Cracking roster at linebacker isn't easy for rookies
August 23, 2011 4:15 AM
Offensive tackle Trai Essex signed a one-year deal Monday with the Steelers.
By Ed Bouchette Pittsburgh Post-Gazette
It's a daunting task for a rookie to enter the linebackers meeting room at Steelers headquarters with two roster cutdown dates still to go.
"Everywhere I turn in the meeting room there's an All-Pro," said Chris Carter, an outside linebacker the Steelers drafted four months ago in the fifth round.
That would include James Farrior, LaMarr Woodley and James Harrison, who also was the NFL defensive player of the year in 2008. Their fourth starter, Lawrence Timmons, looks like a Pro Bowler in waiting. Even their backups are talented, with Larry Foote having started 97 games in nine seasons, and second-year linebackers Jason Worilds and Sylvester Stevenson on the rise.
Cracking the roster of Steelers linebackers isn't easy. Ask Thaddeus Gibson, a fourth-round pick who did not last two months last season. Or Bruce Davis, a third-round pick in 2008, and Alonzo Jackson, a second-round pick in '03. Each lasted only one season.
Yet there is at least one roster spot open and possibly two for a young linebacker to stick, and Carter and Mortty Ivy are making the most of the chance.
Carter came to the Steelers in typical fashion as an outside linebacker prospect; he played mostly defensive end at Fresno State in a 4-3 defense and will take some time to make the conversion.
Ivy's road was different, an undrafted rookie in 2010 from West Virginia through Gateway High School.
He signed with the Carolina Panthers and spent time on the practice squad there as well as that of the Miami Dolphins last season.
He signed with the Steelers in January.
Carter and Ivy have made plays in games, on special teams and in practices.
"You can make this team on special teams, that's really the only way you can make this team," said Farrior, the defensive captain. "With the good group of veterans we have, the best way is to work as hard as you can on special teams and that's what I tell them."
The Steelers kept nine linebackers on their roster last season but when they needed to add a defensive lineman after Aaron Smith was injured Oct. 24, they released Gibson and stayed with eight the rest of the season.
Keyaron Fox left and everyone else returned, so there is room for one, maybe two.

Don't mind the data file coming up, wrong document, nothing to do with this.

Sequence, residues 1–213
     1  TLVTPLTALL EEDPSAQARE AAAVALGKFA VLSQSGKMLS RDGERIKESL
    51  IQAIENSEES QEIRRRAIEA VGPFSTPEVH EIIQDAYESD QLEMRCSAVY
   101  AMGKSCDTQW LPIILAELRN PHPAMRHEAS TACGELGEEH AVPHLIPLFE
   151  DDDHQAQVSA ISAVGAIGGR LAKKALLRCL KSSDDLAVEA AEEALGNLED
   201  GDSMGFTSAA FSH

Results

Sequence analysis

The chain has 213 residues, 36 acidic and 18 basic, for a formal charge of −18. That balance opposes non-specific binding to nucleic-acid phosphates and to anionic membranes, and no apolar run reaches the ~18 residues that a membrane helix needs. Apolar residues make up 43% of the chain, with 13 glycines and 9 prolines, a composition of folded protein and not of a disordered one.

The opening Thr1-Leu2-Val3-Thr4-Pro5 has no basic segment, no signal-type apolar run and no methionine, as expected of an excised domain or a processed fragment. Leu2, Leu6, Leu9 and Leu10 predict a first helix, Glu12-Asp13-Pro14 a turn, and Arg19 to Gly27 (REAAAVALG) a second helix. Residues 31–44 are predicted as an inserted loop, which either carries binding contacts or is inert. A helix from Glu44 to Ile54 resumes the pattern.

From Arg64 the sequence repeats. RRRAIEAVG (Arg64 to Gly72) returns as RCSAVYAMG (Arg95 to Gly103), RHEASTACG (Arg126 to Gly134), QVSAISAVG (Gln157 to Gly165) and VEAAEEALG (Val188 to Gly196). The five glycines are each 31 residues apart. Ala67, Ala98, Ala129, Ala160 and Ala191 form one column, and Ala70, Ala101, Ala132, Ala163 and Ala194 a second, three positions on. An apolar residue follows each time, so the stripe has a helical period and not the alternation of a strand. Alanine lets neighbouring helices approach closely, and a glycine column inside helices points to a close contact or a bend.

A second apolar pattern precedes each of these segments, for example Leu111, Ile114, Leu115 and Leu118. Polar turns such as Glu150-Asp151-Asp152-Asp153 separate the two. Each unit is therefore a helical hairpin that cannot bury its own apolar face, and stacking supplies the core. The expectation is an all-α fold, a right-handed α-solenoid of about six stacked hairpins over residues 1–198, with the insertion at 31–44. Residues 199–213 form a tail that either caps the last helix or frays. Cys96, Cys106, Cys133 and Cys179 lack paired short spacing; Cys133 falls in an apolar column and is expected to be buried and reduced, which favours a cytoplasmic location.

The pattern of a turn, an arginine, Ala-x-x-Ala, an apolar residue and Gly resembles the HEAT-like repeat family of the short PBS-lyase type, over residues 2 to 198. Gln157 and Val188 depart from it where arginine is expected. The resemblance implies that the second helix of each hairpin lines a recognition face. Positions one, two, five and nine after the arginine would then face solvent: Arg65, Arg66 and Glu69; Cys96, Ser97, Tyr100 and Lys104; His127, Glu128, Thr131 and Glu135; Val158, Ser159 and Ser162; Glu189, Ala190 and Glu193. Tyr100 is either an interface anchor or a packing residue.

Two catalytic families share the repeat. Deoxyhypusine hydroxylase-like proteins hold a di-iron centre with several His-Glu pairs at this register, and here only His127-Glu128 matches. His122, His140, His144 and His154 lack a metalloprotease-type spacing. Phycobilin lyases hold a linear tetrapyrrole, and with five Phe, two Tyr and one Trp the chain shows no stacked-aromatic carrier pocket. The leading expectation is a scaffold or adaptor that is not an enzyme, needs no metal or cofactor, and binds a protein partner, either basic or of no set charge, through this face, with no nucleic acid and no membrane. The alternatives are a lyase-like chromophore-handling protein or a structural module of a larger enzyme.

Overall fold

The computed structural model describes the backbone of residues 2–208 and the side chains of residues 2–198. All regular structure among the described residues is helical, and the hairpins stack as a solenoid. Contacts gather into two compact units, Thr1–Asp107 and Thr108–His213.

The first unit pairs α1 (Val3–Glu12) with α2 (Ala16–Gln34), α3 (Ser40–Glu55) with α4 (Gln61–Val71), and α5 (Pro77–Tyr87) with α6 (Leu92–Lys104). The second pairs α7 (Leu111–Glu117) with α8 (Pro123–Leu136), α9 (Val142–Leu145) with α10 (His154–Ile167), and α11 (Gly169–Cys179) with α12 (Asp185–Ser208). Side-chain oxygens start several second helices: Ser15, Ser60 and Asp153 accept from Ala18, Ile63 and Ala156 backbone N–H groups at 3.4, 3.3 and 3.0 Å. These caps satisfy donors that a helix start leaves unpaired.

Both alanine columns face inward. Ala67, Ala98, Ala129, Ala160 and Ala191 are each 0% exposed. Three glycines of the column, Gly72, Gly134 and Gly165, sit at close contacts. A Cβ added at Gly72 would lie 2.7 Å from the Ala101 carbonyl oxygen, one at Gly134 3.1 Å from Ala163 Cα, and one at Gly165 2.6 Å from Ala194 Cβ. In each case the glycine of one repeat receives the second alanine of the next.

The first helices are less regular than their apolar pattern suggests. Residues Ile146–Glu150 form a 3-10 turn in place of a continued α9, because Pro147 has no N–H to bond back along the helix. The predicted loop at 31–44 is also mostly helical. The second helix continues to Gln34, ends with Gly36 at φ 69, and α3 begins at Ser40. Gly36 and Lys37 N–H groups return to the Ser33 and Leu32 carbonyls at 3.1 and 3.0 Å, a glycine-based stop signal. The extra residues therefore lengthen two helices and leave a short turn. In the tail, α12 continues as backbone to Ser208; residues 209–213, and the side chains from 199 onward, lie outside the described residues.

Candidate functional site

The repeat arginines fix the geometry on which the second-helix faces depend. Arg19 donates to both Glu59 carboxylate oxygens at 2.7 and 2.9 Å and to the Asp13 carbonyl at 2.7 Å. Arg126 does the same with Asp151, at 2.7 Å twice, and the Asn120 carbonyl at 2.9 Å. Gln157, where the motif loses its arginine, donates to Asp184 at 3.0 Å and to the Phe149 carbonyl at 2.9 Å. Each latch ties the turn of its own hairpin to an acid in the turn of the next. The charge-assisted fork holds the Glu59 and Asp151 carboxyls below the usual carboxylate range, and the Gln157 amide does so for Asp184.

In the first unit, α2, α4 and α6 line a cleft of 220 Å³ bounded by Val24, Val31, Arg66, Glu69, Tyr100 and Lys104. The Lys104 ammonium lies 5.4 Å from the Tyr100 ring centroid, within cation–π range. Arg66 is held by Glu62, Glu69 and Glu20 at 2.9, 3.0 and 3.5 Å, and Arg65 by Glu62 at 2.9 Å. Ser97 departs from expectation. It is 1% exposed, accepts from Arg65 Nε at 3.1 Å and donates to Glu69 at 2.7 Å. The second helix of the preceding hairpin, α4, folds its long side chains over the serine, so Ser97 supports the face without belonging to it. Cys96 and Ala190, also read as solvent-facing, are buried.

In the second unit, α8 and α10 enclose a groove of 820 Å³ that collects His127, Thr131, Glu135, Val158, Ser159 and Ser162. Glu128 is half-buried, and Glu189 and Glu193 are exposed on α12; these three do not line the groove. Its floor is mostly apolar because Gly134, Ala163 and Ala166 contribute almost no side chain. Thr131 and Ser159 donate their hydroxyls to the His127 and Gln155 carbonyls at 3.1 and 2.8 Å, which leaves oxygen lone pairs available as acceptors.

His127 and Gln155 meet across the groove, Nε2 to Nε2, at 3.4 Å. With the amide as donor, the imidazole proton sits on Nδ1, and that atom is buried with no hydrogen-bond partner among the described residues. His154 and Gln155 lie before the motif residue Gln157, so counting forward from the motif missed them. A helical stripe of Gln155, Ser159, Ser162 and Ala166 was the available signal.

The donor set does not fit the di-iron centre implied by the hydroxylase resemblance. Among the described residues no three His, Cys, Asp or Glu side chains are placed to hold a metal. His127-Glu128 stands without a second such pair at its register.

Foote made it in 2002 as a fourth-round pick staring at the likes of Joey Porter, Jason Gildon, Clark Haggans, defensive rookie of the year Kendrell Bell and the newly signed James Farrior in that same meeting room.
The years and faces change, but the talent at linebacker holds steady among the best in the NFL.
"That started back in the '90s with Greg Lloyd and those guys," Foote said. "People upstairs really value that and have a good eye for it."
And if they get it wrong, they don't compound it by keeping him too long, thus the Gibson and Davis releases of recent vintage. Neither played special teams.
"Coach Tomlin has been staying true to his word since I've been here," Foote said. "If you impress and you show up on that tape, we'll make room for you."
The minor knee injury to tackle Jonathan Scott was enough to throw a scare into the Steelers because they re-signed tackle/guard Trai Essex to a one-year contract.
Essex, who was drafted in the third round in 2005, has started 25 games for the Steelers at either tackle or guard. He won the right guard job in '09 and started all 16 games. He opened last season as the starter but sprained an ankle in the second game. He returned to start three more games at midseason but then lost his starting job to Ramon Foster.
Essex became an unrestricted free agent this year.
Scott left the game Thursday with a knee injury on the first play from scrimmage. There was no ligament damage, but the Steelers have no experienced backups at tackle and there had been talk of re-signing 36-year-old Flozell Adams.
The Steelers released first-year guard Nevin McCaskill to make room for Essex on the roster.